3.8.2 Lower respiratory infections
Lower respiratory infections (LRIs) result in over 3 million deaths worldwide every year – more than any other category of infectious disease. Around one million of these deaths are due to pneumonia [nyoo-moh-nee-ah] caused by several species of bacteria and some viruses. The infection triggers inflammation in the lungs, which become clogged with infected fluid, resulting in severe breathing difficulties and strain on the heart.
Tuberculosis is counted separately from all other respiratory infections because the TB bacteria (Mycobacteria tuberculosis) that infect the lungs (Figure 15) can also invade other vital organs, muscles and bones. About one-third of the world’s population (over 2 billion people, i.e. two thousand million) is infected with TB bacteria, but most are unaware of it because the body’s defence mechanisms keep the bacteria in check. However, they can multiply if the body’s defences are weakened, and TB can quickly develop in undernourished people, especially if they have another illness.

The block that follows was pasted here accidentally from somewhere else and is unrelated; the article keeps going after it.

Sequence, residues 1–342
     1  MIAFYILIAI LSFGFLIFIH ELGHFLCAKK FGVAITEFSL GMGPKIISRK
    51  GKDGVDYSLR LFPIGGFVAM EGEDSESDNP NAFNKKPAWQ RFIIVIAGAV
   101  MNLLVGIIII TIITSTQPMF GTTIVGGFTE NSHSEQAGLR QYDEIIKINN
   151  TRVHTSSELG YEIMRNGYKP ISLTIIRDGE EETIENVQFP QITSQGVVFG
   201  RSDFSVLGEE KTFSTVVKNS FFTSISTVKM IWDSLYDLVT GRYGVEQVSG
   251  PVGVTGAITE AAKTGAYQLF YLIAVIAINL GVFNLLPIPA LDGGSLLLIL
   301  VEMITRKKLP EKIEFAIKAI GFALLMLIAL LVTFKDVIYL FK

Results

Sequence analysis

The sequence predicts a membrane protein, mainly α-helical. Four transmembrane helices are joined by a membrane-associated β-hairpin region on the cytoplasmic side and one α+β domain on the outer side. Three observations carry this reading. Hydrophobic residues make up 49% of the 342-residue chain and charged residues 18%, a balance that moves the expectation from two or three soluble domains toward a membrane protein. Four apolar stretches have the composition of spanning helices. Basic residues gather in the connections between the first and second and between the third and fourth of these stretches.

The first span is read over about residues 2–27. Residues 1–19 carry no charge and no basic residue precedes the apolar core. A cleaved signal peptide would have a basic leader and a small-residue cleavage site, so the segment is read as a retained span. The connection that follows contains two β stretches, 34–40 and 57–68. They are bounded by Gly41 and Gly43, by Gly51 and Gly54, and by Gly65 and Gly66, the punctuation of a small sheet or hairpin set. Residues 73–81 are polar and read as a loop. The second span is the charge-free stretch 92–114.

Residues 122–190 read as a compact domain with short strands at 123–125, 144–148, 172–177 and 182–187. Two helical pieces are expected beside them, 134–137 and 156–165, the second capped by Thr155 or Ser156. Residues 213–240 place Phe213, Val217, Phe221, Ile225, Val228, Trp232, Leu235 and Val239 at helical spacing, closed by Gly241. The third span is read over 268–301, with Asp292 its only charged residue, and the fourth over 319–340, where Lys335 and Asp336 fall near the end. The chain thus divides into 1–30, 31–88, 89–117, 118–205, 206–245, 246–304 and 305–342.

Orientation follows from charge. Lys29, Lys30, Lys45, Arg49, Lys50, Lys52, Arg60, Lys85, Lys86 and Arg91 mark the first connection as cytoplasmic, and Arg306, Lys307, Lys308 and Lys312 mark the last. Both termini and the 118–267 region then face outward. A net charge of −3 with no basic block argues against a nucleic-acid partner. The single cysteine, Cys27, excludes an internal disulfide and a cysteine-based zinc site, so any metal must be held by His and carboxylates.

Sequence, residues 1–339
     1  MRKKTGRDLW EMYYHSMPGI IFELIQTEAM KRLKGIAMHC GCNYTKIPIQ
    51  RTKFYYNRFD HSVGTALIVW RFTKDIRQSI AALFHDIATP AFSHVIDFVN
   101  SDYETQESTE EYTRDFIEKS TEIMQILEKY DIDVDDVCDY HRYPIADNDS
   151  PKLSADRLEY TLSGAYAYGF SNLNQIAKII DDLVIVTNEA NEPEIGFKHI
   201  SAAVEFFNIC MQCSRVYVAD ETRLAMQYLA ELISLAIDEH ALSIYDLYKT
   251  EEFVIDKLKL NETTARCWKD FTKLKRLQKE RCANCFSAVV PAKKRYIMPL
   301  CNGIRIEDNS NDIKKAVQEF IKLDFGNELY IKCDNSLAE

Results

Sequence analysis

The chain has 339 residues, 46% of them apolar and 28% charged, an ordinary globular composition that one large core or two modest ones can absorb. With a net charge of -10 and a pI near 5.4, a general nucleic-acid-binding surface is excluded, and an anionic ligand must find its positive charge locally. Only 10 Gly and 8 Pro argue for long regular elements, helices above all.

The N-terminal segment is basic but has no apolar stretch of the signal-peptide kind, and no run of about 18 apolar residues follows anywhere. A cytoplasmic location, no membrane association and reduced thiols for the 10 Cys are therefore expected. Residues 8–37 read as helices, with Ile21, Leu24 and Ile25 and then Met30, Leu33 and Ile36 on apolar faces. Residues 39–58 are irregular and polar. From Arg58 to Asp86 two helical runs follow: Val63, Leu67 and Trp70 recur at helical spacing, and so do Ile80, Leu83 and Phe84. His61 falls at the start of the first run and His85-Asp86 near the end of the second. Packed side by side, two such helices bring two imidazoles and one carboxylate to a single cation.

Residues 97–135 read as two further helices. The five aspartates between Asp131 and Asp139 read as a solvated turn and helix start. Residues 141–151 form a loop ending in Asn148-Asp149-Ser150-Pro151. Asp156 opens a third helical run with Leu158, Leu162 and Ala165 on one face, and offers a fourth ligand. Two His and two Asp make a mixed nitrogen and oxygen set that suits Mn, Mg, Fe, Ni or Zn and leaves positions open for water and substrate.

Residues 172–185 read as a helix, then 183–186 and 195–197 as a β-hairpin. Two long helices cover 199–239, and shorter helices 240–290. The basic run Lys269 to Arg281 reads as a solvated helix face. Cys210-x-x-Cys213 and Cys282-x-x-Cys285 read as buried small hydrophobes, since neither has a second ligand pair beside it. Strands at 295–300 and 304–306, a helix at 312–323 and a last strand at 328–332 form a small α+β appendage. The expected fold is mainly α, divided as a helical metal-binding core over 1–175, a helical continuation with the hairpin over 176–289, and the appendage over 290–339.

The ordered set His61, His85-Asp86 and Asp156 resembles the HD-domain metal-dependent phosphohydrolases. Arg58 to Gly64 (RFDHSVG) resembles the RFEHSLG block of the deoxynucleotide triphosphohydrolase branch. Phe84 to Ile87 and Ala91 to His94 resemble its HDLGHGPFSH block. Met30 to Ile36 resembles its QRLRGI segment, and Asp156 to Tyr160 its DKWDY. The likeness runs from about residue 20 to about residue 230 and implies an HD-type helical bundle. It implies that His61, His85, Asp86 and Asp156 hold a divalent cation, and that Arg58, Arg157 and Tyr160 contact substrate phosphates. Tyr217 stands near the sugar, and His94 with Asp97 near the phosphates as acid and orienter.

Between 8 and 9 million people around the world develop TB for the first time every year, almost 9000 of them in the UK. Worldwide, this chronic infection killed 1.3 million (1 300 000) people in 2012 – a death toll that has been slowly increasing in the 21st century. The resurgence of TB and its increasing resistance to antibiotics means that it has been classified as a ‘re-emerging infectious disease’.